Introduction and Object of the board game
Dipole is played with a Checkers set. Only the dark squares are used. The board game starts with two stacks of 12 checkers, one white and one black, as shown in the figure below. Draws cannot occur in Dipole. Mark Steere invented Dipole in May 2007. To win, all of your opponent’s checkers must be removed from the board. White makes the first move of the board game.
Players take turns moving stacks of their own checkers, one stack per turn. You can move an entire stack or just a portion of one (also called a stack here). This holds true for merging and capturing moves as well. See below. Basic moves can only be made in the forward or diagonally forward directions. The figure below shows the basic move directions available to the white stack.
The number of squares a stack is moved must equal the number of checkers in the moved stack. This holds true for merging and capturing moves as well. Even though only the dark squares are used, white squares must be included in the count. In the figure below, White can move his two-stack to any of the squares indicated. Directly forward moves can only be made with even numbered stacks.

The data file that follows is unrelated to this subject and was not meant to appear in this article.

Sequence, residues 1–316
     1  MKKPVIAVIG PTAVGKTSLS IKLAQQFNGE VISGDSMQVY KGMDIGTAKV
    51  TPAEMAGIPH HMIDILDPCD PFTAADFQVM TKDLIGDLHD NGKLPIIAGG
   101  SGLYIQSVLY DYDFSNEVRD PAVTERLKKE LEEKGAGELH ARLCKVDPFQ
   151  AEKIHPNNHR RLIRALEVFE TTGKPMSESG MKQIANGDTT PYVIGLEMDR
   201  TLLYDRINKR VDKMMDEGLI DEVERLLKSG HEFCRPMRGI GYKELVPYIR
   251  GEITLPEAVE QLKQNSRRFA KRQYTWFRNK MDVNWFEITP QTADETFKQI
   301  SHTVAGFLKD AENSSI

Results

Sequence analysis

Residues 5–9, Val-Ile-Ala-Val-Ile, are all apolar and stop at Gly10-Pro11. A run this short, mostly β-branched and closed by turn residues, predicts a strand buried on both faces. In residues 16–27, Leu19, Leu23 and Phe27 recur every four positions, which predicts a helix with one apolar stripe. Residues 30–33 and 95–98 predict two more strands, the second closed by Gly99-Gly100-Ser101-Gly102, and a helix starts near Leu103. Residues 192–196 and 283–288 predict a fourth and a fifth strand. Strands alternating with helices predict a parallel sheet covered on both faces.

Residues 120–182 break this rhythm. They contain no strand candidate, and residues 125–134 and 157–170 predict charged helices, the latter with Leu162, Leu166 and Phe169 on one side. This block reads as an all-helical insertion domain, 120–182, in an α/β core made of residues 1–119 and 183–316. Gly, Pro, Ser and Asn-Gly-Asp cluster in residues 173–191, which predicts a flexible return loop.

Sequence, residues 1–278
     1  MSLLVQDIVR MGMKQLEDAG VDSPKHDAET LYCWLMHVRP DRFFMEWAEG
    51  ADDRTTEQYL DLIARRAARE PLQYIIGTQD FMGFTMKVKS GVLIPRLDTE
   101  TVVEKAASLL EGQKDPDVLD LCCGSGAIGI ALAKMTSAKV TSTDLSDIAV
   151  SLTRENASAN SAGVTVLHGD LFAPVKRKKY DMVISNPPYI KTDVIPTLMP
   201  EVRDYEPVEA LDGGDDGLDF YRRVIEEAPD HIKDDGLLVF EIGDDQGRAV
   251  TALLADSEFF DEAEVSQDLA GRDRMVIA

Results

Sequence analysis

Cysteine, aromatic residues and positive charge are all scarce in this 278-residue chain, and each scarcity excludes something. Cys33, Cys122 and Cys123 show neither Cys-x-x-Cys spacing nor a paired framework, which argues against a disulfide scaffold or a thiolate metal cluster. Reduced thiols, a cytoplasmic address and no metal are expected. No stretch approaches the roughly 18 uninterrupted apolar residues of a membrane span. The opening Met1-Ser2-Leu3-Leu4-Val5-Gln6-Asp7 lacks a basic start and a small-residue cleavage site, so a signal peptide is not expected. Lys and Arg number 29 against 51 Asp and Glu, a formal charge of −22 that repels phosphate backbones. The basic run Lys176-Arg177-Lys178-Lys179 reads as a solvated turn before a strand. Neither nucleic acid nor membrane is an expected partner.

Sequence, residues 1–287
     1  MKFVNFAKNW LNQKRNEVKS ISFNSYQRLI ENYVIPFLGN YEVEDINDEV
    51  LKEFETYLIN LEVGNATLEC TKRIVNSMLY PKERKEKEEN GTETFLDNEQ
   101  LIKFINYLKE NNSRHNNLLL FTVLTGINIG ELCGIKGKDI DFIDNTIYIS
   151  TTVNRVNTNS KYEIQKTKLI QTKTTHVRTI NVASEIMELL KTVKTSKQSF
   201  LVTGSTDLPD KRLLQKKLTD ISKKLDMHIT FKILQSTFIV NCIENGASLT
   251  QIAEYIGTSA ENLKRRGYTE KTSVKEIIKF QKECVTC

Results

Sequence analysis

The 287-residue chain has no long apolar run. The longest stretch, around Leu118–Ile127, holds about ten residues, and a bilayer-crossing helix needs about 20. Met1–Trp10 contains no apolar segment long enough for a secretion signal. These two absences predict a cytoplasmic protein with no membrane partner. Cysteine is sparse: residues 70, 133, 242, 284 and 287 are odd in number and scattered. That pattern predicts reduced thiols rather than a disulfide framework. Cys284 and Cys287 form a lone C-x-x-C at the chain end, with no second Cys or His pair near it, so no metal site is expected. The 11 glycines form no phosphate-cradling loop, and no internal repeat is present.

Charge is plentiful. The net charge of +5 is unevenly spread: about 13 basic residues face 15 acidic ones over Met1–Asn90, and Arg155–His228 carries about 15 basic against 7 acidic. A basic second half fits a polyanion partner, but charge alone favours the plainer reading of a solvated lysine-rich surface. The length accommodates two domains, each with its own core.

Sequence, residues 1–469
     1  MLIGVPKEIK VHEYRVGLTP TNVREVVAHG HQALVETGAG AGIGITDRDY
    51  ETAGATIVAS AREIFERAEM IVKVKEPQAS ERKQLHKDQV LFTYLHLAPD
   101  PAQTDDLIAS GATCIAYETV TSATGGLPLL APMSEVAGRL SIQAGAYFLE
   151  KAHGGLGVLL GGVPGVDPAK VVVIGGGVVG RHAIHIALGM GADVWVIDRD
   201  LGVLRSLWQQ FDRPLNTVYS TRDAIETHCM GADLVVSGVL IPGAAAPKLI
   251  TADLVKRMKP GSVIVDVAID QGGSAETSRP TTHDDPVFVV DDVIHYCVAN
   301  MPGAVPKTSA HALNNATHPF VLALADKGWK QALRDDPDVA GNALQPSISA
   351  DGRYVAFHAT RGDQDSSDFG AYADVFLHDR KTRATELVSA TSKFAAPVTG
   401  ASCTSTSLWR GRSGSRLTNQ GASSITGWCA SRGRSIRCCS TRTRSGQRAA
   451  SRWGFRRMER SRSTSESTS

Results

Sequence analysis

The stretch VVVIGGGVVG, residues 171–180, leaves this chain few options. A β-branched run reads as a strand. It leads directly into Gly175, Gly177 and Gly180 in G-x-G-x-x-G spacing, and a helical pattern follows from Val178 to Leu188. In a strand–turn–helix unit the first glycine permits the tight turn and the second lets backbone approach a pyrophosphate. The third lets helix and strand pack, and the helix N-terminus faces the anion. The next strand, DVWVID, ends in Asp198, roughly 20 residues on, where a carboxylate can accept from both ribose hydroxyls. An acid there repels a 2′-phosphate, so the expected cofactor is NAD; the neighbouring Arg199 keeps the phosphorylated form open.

If you move a stack out of bounds, you must remove that stack from play. When moving a stack out of bounds pretend the board squares extend outward far beyond the boundaries, and make a basic move accordingly. Stacks can only be removed in the forward or diagnonally forward directions. Players typically remove singletons from their far row because they have nowhere else to go.
If you have no moves available, you must sit the board game out until you do have a move available. If you have any moves available, you must move. There will always be a move available to one player or the other.
Stacks can be moved onto other, like-colored stacks. In the figure below, White takes three checkers from his four-stack and merges them onto his two-stack. Note that the white stack jumped over the black 5-stack. Stack movement is never obstructed by intervening stacks, regardless of size or color. This holds true for basic and capturing moves as well. Merging moves can only be made in the forward or diagonally forward directions..
Capturing moves can be made in any of eight directions. A stack can capture only an entire enemy stack, which must be of an equal or smaller size than the capturing stack. In the figure below, White takes two checkers from his three-stack, and captures Black’s one-stack. Basic, merging, and capturing moves must be made in a straight line.
Board Game end
The first player that has no more checkers on the board looses the board game.